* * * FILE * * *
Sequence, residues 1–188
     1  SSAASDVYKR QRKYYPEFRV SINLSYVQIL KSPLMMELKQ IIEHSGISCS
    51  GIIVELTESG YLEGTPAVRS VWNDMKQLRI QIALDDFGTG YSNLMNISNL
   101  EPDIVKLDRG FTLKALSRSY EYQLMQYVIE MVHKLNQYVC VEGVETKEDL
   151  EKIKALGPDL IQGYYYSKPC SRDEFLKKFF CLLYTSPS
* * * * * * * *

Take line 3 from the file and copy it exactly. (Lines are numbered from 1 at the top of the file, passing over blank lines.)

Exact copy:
    51  GIIVELTESG YLEGTPAVRS VWNDMKQLRI QIALDDFGTG YSNLMNISNL